Netflix and Scam: Here’s How to Protect Yourself From Phishing Emails

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Netflix and chill panic.

Scammers went phishing in the very large pool of Netflix users this week. FireEye, a cybersecurity and malware protection company, discovered the phishing campaign this past Monday.

Phishing (pronounced “fishing”) lures customers with “click here” tactics to get them to provide information.

In this case, scammers sent emails asking Netflix users to update their personal and payment information. After victims did so, they were then redirected to the real Netflix home page without a worry.

Do you know if you were affected?

What You Need to Know If You’re a Netflix User

First things first: Chill.

At this time, the phishing websites are inactive, FireEye reports.

But phishing is incredibly common, says Steve Weisman, professor at Bentley University and author of the fraud and identity theft blog Scamicide.

In fact, U.S. Homeland Security Secretary Jeh Johnson said it’s the biggest threat to our country’s cybersecurity.

And the act is especially common among big-name sites and products such as Netflix, Amazon and Apple, because phishers don’t even have to get their hands on an email list, Weisman says.

Practically everyone uses these services… so why not just take a blind guess?

Phishing comes in the form of emails, texts and even phone calls, seemingly from someone you trust. The phisher tells you that you need to take action, such as updating your account info.

In this recent Netflix incident, victims were told to update their account information. That’s easy enough, and heck, you don’t want to lose access to “Gilmore Girls.”

By supplying their names, dates of birth, addresses and payment information, users gave phishers access to their bank accounts.

4 Ways to Detect Phishing Scams and Reel ’Em In Fast

This ain’t the first phisher, nor will it be the last.

To keep yourself — and your money — safe, Weisman offers these solid tips to keep in your back pocket for any time you receive a request to provide personal information:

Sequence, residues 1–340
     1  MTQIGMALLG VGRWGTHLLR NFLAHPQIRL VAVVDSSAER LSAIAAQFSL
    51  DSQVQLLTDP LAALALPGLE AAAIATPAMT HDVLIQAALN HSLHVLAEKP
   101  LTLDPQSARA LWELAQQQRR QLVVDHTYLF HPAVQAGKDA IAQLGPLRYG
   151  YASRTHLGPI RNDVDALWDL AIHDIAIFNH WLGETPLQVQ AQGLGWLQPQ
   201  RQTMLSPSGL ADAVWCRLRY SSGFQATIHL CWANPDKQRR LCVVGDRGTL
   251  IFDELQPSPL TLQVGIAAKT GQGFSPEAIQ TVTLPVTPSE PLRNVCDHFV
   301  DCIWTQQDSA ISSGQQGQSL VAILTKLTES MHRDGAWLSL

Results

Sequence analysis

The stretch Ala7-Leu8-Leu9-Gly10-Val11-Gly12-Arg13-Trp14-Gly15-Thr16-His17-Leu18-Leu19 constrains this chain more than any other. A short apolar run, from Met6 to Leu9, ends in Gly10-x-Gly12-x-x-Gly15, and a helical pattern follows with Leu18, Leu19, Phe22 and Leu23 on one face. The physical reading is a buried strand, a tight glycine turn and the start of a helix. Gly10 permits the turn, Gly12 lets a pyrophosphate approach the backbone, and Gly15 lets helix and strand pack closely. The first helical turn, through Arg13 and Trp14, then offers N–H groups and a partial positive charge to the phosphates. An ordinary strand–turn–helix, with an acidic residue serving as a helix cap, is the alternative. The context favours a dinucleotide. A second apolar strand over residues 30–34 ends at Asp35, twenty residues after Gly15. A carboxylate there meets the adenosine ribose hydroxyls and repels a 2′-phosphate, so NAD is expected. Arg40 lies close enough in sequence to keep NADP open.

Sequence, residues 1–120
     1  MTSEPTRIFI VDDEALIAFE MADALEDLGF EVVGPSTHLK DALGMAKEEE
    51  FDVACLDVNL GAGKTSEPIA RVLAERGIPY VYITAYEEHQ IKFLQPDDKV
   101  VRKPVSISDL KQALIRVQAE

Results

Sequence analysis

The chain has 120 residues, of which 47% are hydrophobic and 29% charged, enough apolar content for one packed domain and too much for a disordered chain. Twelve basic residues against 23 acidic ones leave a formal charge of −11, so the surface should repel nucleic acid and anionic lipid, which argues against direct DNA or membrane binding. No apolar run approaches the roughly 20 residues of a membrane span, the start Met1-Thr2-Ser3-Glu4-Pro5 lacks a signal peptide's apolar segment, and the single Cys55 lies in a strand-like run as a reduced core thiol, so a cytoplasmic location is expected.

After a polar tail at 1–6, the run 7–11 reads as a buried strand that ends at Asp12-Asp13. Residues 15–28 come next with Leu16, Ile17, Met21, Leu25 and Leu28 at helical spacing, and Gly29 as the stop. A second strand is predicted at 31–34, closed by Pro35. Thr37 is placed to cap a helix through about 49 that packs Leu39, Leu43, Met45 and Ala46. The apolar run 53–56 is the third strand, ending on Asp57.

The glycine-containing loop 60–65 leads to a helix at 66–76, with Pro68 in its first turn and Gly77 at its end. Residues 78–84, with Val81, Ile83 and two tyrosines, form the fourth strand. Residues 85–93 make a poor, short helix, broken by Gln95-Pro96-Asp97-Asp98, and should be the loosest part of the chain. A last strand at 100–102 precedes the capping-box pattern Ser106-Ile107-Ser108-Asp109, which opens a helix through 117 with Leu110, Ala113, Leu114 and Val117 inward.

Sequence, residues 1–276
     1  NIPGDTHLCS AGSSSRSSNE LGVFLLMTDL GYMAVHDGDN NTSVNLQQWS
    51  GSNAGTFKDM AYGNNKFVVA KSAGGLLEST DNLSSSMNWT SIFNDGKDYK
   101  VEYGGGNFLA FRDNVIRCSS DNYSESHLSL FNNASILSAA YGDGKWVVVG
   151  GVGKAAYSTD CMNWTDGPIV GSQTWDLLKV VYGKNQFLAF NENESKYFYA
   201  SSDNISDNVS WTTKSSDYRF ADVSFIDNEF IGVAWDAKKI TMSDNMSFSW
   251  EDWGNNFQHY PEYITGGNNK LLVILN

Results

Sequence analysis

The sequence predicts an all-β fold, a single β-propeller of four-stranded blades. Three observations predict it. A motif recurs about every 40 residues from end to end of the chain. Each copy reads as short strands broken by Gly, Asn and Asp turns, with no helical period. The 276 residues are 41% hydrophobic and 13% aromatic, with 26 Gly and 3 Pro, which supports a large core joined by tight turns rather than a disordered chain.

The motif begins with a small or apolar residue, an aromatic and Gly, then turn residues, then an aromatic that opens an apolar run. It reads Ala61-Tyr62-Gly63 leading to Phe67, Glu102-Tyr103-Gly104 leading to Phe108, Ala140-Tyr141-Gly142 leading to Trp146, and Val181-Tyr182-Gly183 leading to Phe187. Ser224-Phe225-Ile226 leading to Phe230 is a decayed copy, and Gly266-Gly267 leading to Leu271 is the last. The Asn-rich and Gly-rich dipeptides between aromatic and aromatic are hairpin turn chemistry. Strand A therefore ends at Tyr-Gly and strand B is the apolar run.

1. Check the email address.

Even if the email you receive looks like it’s from Netflix, take a hard look at the address. What email provider has it been sent from? Look behind the @ sign for the extension. Is there something in place of a “.com”?

Take an extra step, and copy and paste the address into Google. See if it directs you to Netflix’s page or if other people are abuzz about a new scam.

2. Read the email.

Hark back to your high school English classes, and check for bad grammar and misspelled words. I’m not so sure phishers have editors.

3. Even if it looks legit, don’t trust the logo.

Weisman describes the look of the recent Netflix phishing photo as “terrific” in that it really did look legitimate.

However, it’s so easy nowadays for hackers to get their nabby hands on a logo using a screen shot and set up a website.

4. Visit the real website.

There, you can check email addresses, find a legitimate phone number to call and read through FAQs.

In fact, Netflix’s help page contains a warning about phishing and advises, “Netflix will never ask for any personal information in an email.” This includes payment information, Social Security and/or tax identification numbers and account passwords.

Netflix also encourages you to report an suspicious emails by forwarding them to [email protected]

And always follow Weisman’s motto: “Trust me, you can’t trust anyone.”

If It’s Too Late and You’ve Been Affected by a Phishing Scam…

The advice Weisman offers for victims of mobile shopping scams holds true in this case, too.

If a phisher has hooked your bank account, contact your bank or credit card company as soon as possible.

You’ll also want to file a police report, which sounds dramatic, but it might help if you have to dispute the charges at a later date.

Sure, the cops probably aren’t going to catch the hacker, but having that police report on file says, “Yes, this happened, and yes, I was being a responsible human being about it.”

So if someone bought a car in your name and creditors are calling you for money they say you owe, you’ll have that report on hand.

You’ll also want to notify the Federal Trade Commission to file a consumer complaint or report identity theft — and you can do it all from behind your screen.

Your Turn: Have you ever been affected by a phishing scam?

Carson Kohler (@CarsonKohler) is a junior writer at The Penny Hoarder. After recently completing graduate school, she focuses on saving money — and surviving the move back in with her parents.